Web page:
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The Practice of Movie Remakes

April 4, 2011

By John C.

Over the weekend, I found myself revisiting the original Arthur, in anticipation of the remake set to open this coming Friday.  The 1981 film starred Dudley Moore in a brilliant Oscar-nominated turn as a drunken playboy falling in love for the first time, and John Gielgud deservedly won an Oscar for his supporting role as Arthur’s butler, Hobson.

After exactly 30 years, Arthur is clearly dated both in its look and seeming glorification of drinking and driving under the influence.  But it remains a sharply written and expertly acted comedy, that still delivers on the level of big laughs and a lot of heart.  Burt Bacharach’s wonderful theme song alone makes the film worth seeing.  The film was followed by an inferior sequel in 1988.

The remake, set to open on April 8th, stars the generally reliable British comedian Russell Brand in the title role and Helen Mirren as his nanny, Hobson.  I’ll be seeing it later this week, so I can’t yet comment on the quality of the new film, but the whole thing’s got me thinking about the often pointless art of remakes in general.

Hollywood has an obsession with trying to repeat greatness, but lightning has rarely struck twice.  There are films that should never be remade.  Films that have left their mark on the world of cinema, and ones that simply can not be repeated.  For me, the original Arthur does not rank as one of these untouchable films, but it does have a lasting legacy to uphold.

To be sure, there are remakes that do work.  Like recent Best Picture nominee, True Grit.  But the Coen Brothers brilliant western wasn’t as much a remake of the 1969 film that won John Wayne a career Oscar, rather a new take on a classic novel by Charles Portis.  Some works of literature deserve more than one screen rendering, and sometimes several tries are needed before they get it right.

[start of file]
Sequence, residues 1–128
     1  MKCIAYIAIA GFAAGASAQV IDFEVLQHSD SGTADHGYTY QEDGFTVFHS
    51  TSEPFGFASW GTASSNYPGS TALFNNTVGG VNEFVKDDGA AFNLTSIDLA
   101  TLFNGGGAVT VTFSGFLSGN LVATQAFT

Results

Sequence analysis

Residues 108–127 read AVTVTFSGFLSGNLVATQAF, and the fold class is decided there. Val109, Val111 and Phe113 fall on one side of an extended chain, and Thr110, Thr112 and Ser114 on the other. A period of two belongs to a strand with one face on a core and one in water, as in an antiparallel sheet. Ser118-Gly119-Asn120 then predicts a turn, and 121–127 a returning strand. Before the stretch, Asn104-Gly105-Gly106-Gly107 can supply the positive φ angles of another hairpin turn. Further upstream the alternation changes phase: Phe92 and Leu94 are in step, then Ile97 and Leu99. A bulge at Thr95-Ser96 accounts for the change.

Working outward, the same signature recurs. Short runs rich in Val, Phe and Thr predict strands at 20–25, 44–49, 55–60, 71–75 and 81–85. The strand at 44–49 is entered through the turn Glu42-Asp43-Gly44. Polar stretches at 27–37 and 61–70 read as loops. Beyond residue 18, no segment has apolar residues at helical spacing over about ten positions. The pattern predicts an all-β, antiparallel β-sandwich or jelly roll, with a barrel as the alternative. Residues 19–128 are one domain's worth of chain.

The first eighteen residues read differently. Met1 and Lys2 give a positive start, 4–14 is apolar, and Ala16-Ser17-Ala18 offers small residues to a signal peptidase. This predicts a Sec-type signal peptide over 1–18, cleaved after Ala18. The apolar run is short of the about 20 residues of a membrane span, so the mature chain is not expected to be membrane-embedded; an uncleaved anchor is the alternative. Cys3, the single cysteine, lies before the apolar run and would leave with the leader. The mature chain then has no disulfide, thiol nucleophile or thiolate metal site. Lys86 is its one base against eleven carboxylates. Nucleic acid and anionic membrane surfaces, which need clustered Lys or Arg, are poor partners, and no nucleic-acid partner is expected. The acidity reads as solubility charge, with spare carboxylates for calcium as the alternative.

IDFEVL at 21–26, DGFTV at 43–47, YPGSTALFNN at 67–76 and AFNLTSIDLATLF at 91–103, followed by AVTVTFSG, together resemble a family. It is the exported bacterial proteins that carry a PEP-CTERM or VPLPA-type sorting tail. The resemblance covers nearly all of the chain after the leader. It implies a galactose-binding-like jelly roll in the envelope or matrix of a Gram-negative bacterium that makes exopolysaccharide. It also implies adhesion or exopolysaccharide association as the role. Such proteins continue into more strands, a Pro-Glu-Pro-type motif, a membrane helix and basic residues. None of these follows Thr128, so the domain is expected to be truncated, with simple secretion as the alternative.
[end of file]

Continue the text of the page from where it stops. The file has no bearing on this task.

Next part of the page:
Some foreign films have also been the subject of effective and successful remakes, like last year’s Let Me In which was closely based on Sweden’s 2008 vampire thriller Let The Right One In.  Even Martin Scorsese’s Oscar-winning The Departed was adapted from a Chinese film titled Internal Affairs.  But these are exceptions to the general rule.

I was in somewhat of a minority on last year’s needless remake of the 1984 teenage classic, The Karate Kid.  Maybe it was due to the fact that the original remains a sentimental favourite for me, but the biggest fault of the Jaden Smith-Jackie Chan reboot was the somewhat disturbing choice to make the lead characters be pre-teens.  There were a lot of great ‘coming of age’ films in the 1980’s, and the majority of them should not be remade.

Horror films are the most notorious genre for remakes, with villains being resurrected and many seeming derivative of each other.  When Gus Van Sant infamously copied nearly every shot to remake Alfred Hitchcock’s masterpiece Psycho in 1998, the results were thoroughly pointless.  The only thing that the experiment managed to prove was something we already knew – greatness can not be repeated by merely copying it.

If we should be remaking films at all, it should be ones that had potential in terms of story, but weren’t particularly great in the first place.  There are some movies that aren’t executed as well as they could have been, and a retelling of the same story could serve them well.  But redoing a film merely because it was succesful should never be your only reason.  For a remake to work it should either enhance our appreciation or improve on the original, and time will only tell if Arthur can be added to this list.

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